Buttermilk Ice Cream Recipe

This ice cream boasts big buttermilk flavor, but it has a texture that's light and fresh.

Photographs: Vicky Wasik

Why It Works

  • Cornstarch reduces the need for eggs to keep the ice cream silky and thick.
  • With more buttermilk than cream, the tangy flavor shines through loud and clear.
  • Aromatic ingredients like brandy and orange blossom water help the buttermilk's flavor shine even when dulled by the effects of freezing temperatures.

This recipe channels the light and tangy flavor of buttermilk into a silky smooth ice cream that's tart and refreshing enough to enjoy all on its own, although it's also the perfect counterpoint to the best seasonal fruit. It's particularly nice when paired with a fresh fruit swirl, or a slice of warm cornbread for a sweet and savory dessert.

Recipe Facts

Active: 25 mins
Total: 5 hrs
Serves: 6 servings

Rate & Comment


  • 7 ounces plain or lightly toasted sugar (about 1 cup; 200g)
  • 3/4 ounce cornstarch (about 3 tablespoons; 20g)
  • 1/8 teaspoon (0.5g) Diamond Crystal kosher salt; for table salt, use about half as much by volume or the same weight
  • 2 large eggs (about 3 1/2 ounces; 100g)
  • 10 ounces cultured, lowfat buttermilk (about 1 1/4 cups; 285g)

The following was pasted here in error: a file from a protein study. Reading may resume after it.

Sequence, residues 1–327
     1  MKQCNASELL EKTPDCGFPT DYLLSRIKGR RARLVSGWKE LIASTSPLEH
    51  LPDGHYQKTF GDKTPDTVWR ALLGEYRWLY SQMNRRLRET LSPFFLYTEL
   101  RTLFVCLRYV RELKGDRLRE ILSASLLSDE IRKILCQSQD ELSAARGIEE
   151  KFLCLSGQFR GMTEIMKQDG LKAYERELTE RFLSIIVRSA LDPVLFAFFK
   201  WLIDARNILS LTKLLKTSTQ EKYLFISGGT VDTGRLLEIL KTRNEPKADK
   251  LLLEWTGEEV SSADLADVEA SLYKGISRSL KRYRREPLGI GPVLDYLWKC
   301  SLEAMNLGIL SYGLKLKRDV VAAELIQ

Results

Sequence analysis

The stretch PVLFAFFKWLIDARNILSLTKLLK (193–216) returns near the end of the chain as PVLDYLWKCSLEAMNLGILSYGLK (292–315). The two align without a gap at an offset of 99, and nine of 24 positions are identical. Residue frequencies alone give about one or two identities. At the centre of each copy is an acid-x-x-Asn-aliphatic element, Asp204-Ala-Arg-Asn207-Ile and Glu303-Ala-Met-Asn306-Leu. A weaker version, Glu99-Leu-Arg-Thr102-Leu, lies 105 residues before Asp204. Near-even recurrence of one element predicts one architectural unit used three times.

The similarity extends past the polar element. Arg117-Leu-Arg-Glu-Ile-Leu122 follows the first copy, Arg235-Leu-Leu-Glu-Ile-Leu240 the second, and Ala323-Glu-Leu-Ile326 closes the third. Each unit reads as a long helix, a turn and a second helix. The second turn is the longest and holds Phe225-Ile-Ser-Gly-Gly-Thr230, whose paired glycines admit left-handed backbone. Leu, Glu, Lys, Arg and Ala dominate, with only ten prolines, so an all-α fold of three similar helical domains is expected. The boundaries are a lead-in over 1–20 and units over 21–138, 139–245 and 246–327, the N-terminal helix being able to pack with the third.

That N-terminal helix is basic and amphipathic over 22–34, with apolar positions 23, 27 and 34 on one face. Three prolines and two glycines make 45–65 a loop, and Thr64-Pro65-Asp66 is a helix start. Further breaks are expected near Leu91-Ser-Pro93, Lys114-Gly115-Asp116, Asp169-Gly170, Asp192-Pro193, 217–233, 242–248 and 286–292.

• 8 ounces heavy cream, straight from the fridge (about 1 cup; 225g)
  • 1/2 ounce apple brandy, or other fruity spirits (about 1 tablespoon; 15g), optional
  • 1/4 teaspoon orange blossom water, optional


  1. In a 3-quart stainless steel saucier, whisk together sugar, cornstarch, salt, and eggs, followed by the buttermilk. Cook over medium-low heat, whisking constantly but gently, until warm, about 3 minutes. Increase heat to medium and continue whisking until thick and steaming hot, about 3 minutes longer. When the custard begins to bubble, set a timer and continue whisking for exactly 1 minute to neutralize a starch-dissolving enzyme found in egg yolks.

  2. Strain into a non-reactive container, then whisk in cream, brandy, and orange blossom water, if using. Season to taste with additional salt, if needed. Cover and refrigerate until no warmer than 40°F (4°C), or cool to the same temperature in an ice bath. Meanwhile, place a 1-quart container and flexible spatula in the freezer.

  3. Churn the chilled base in an ice cream maker according to the manufacturer’s directions, until fluffy and thick enough to gather in the dasher (about 30 minutes, but the timing will vary depending on the type of machine). When the ice cream is ready, shut off the machine and, using the chilled spatula, scrape into the chilled container. Enjoy as soft-serve, or cover with plastic pressed directly against surface of ice cream, then close lid and freeze until firm enough to scoop, about 4 hours.

Special equipment

3-quart stainless steel saucier, non-reactive sieve, ice cream maker, non-reactive, freezer-safe container


Historically, buttermilk has always been lowfat by nature, because it was a byproduct of churning butter. Modern manufacturing methods may not produce buttermilk the same way, but low-fat styles best mimic the flavor and body prized in the original.

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